This year, we get to decide how our votes are counted for future elections.
In the past, we have lived with the first-past-the-post system, which means that the candidate who wins the most amount of votes wins the election.
It does not mean that all of the other candidates and parties continue to be represented, even though the remaining parties may have more votes collectively than the winner.
Basically, let’s say the blue candidate wins the election, but only 35 per cent of people voted for them. Another 10 per cent voted for the green candidate, 25 per cent voted for the orange candidate, and 30 per cent voted for the red candidate.
Those other candidates no longer matter. Your vote goes in the trash, and we try again in another four years.
This type of voting system can cause many issues. For one, the winning candidate doesn’t represent the majority of people. It only represents that 35 per cent, and they get to decide how the rest of us live now. But this doesn’t make any sense. There are more of us than them, right?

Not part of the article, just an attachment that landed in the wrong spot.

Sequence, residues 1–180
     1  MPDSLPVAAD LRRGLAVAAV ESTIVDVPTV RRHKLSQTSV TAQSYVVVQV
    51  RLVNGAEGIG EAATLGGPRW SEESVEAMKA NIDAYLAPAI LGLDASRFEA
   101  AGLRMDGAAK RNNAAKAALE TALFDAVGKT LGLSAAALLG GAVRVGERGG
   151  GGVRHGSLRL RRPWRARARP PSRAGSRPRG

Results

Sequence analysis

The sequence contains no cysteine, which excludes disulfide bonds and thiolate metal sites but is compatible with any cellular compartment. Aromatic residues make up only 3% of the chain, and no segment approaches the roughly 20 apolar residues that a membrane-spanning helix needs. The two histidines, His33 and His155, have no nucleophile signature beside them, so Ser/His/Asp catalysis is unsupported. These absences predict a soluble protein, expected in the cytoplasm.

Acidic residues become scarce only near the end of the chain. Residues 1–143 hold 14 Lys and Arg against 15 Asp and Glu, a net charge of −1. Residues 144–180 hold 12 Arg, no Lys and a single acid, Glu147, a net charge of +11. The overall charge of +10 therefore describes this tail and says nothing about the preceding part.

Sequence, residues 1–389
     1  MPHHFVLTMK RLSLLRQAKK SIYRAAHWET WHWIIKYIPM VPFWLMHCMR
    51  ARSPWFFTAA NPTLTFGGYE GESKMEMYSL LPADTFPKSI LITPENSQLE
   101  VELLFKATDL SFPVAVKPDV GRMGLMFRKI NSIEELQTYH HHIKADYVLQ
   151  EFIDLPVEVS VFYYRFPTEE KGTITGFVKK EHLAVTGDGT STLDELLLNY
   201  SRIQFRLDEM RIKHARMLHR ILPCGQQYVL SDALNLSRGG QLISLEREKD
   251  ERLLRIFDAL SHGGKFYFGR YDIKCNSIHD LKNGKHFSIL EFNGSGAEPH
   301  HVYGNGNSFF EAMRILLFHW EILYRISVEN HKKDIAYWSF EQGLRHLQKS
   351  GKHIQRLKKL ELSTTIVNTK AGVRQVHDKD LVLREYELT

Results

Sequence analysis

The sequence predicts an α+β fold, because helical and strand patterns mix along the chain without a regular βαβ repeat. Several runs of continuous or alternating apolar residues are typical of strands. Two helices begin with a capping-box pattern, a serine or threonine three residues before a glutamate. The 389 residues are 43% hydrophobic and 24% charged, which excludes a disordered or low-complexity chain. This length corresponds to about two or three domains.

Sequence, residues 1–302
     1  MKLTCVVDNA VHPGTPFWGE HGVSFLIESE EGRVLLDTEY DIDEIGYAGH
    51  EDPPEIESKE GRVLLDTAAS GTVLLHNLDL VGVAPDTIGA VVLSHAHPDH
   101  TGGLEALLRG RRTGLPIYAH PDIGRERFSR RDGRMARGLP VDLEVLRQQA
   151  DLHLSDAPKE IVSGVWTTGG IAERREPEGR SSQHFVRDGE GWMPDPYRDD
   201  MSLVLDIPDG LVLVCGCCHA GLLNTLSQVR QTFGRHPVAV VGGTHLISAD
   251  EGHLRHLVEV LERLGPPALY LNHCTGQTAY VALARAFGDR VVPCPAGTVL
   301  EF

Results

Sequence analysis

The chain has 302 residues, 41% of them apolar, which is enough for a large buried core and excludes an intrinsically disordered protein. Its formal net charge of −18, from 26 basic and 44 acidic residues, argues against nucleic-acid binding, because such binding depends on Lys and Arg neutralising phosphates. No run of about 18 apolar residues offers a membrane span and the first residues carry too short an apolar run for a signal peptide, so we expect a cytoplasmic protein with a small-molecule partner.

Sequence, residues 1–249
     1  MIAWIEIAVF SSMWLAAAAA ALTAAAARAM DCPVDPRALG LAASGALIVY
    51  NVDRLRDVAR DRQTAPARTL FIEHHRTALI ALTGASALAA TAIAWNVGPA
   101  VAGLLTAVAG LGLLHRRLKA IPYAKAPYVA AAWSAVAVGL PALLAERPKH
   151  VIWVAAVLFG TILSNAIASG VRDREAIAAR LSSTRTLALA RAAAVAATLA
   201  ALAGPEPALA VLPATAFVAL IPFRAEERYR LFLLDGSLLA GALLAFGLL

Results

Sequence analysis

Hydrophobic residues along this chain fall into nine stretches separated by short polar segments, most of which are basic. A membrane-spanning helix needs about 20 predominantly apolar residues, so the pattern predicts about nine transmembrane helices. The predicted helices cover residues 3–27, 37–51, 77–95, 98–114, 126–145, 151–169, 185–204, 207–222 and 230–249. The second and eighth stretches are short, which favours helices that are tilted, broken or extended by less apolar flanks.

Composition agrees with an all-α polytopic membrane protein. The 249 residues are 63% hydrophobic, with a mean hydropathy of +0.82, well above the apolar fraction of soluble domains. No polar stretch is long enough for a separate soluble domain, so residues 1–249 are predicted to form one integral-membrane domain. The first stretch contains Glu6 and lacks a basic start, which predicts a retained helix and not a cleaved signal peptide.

So, this month we will receive voting ballots in the mail asking us if we would like to change that. Wouldn’t it be better if the blue candidate won 35 per cent of the votes, and received 35 per cent of the seats at legislature? Then all the other parties involved would have their respective representation.
This is called proportional representation, and more than 80 countries around the world operate this way. Only around 60 countries use the first-past-the-post-system. And, in countries that have changed from first-past-the-post to proportional representation, many have been given the opportunity to switch back, but they haven’t.
I still remember my first election day. I was in school for journalism, and I was so stoked to use my civic right to choose who would represent Canada. I had a spat with someone about not voting for who they wanted me to vote for, and I craved more information to make the best judgement. I dove right into policies, and educating myself on who would best represent myself, and the people I cared about.
I understood what first-past-the-post meant, and I wasn’t entirely convinced it was the right way to go about it. Finally, after putting the X in the square, I felt accomplished.
But, my vote didn’t matter. I kicked myself. I was so naive. And ever since then, I have considered if I should put my vote with the party that best represents me, or if I should put it somewhere else to refrain from someone else getting all the power.
I know how I’m voting on this referendum, and I hope you do too. If you don’t, read up about it and make an informed decision.